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Re: Dinosaurs vs. Therapsids






From: Dave Hardenbrook <DaveH47@mindspring.com>
Reply-To: DaveH47@mindspring.com
To: dinosaur@usc.edu
Subject: Dinosaurs vs. Therapsids
Date: Tue, 15 May 2001 19:13:50 -0700

I'm preparing to give a speech on Therapsids and why the Dinosaurs
wrestled world dominion from them. My primary sources of research
are Robert Bakker's _Dinosaur Heresies_ and John McLoughlin's
_Synapsida_, which both discuss the anatomical advantages that
gave dinos the edge over our pre-mammalian ancestors.  But I've seen
a couple of web pages that say this "Competitive Displacement"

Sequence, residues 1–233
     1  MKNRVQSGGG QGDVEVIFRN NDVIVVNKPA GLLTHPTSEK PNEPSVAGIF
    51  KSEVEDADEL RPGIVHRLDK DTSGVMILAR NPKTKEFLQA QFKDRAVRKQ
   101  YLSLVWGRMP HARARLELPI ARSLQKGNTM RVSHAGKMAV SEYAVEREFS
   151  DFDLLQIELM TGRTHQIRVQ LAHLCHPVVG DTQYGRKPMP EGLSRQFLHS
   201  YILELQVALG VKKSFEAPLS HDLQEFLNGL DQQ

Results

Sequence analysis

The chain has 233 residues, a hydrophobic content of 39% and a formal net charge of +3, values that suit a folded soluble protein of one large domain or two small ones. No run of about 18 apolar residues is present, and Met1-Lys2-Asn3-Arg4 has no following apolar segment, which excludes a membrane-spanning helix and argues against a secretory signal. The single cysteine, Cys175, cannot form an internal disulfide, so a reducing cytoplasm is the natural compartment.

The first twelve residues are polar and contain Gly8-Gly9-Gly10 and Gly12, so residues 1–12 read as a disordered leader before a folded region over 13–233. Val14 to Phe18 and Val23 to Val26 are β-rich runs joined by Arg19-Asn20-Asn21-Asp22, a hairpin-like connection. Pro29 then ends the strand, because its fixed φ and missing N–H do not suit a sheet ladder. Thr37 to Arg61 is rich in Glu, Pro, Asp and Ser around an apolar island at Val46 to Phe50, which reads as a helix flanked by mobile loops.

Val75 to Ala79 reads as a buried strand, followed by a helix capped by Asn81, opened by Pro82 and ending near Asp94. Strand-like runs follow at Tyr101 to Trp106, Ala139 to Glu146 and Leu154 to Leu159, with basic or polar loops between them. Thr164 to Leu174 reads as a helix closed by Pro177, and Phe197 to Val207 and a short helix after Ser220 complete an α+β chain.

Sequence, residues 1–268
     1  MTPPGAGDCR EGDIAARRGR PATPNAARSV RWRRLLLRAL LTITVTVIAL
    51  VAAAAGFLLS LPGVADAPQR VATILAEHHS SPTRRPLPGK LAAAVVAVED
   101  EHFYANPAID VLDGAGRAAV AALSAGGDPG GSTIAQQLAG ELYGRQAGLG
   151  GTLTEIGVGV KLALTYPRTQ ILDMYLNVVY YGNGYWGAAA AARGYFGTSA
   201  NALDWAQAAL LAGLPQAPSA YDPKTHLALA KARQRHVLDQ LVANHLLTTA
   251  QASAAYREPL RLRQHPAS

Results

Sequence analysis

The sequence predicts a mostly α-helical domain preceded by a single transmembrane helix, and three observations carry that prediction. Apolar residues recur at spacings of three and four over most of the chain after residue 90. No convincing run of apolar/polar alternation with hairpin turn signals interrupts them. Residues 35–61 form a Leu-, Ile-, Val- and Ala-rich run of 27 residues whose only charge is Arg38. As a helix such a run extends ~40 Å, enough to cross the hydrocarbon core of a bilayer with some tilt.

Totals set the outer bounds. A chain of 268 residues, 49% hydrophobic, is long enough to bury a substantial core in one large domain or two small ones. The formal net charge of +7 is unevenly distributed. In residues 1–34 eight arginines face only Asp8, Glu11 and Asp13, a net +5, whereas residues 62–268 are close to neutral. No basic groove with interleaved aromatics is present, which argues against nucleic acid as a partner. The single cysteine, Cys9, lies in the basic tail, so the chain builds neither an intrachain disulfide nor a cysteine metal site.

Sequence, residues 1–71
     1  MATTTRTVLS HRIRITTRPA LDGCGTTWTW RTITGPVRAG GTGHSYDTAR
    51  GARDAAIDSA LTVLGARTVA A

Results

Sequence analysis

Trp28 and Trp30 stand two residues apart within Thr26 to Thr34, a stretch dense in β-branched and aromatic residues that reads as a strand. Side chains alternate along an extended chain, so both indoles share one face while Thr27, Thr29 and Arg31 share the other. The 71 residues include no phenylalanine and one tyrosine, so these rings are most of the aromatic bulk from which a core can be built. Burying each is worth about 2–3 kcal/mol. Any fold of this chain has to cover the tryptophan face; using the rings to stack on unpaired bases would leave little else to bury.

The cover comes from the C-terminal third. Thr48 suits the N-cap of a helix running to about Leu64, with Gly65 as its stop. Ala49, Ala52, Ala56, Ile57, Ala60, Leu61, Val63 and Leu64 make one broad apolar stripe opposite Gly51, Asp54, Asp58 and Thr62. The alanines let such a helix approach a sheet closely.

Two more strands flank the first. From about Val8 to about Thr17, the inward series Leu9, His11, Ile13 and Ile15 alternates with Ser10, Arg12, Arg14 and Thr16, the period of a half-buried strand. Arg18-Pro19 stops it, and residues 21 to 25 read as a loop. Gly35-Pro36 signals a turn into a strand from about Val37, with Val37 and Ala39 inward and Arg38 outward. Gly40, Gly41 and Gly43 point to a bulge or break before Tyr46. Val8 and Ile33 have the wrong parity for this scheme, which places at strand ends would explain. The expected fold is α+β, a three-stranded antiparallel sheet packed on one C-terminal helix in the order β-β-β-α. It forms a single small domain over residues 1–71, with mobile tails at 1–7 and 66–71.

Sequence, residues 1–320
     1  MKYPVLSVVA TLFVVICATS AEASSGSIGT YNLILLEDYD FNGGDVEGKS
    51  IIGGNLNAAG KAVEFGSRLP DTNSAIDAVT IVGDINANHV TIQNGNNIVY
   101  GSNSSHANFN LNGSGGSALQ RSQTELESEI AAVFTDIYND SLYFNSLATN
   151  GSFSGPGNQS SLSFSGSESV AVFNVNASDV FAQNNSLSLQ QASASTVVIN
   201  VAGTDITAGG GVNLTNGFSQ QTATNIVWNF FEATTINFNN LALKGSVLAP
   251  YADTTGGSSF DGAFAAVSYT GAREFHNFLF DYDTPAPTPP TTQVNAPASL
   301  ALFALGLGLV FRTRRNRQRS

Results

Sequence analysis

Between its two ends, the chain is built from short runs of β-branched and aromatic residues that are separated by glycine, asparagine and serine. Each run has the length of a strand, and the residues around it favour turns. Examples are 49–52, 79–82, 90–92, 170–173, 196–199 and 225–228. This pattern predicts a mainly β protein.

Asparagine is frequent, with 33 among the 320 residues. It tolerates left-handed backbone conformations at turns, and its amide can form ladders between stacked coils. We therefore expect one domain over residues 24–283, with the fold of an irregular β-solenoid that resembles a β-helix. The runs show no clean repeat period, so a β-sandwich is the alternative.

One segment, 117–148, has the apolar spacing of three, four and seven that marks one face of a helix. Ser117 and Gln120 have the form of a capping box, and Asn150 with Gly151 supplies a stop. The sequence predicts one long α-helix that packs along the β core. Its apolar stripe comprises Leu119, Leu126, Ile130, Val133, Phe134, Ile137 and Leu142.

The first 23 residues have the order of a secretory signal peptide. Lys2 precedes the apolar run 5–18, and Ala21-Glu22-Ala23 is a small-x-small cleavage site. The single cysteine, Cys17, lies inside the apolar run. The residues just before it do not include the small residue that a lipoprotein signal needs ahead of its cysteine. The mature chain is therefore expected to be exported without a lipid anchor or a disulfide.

theory has fallen into disfavor.  Is this true?  Would it be wrong
to say in my speech that dinosaurs had a competitive advantage over
therapsids?  Even if a mass extinction swept away most therapsids
and opened the way for diversification of dinos (much as the K/T
extinctions turned the tables in favor of mammals), didn't dinos still
have to have the advantages Bakker and McLoughlin point out
in order to repress the diversification of mammals in the Mesozoic?



-- Dave
The therapsids were already on their way out when the dinosaurs evolved, especially in predatory niches where they had pretty much been replaced by rauischians in the mid to late triassic, although dicynodonts would still have been competitors to herbivorous dinos. The cynodonts were mostly small predators, I don't think there were any therapsid/mammalian megapredators in the late Triassic, although I may be wrong on this. Weren't the groups the early dinos were most competing with the rauisuchians and related clades?


Patrick


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